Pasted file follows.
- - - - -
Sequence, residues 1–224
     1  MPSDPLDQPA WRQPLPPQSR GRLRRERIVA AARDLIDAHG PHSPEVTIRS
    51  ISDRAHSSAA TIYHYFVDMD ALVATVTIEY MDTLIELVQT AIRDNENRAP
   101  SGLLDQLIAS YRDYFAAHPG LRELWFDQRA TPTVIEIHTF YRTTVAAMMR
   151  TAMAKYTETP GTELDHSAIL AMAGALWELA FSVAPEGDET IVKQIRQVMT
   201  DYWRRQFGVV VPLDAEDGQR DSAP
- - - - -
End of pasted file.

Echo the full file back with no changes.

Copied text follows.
Sequence, residues 1–224
     1  MPSDPLDQPA WRQPLPPQSR GRLRRERIVA AARDLIDAHG PHSPEVTIRS
    51  ISDRAHSSAA TIYHYFVDMD ALVATVTIEY MDTLIELVQT AIRDNENRAP
   101  SGLLDQLIAS YRDYFAAHPG LRELWFDQRA TPTVIEIHTF YRTTVAAMMR
   151  TAMAKYTETP GTELDHSAIL AMAGALWELA FSVAPEGDET IVKQIRQVMT
   201  DYWRRQFGVV VPLDAEDGQR DSAP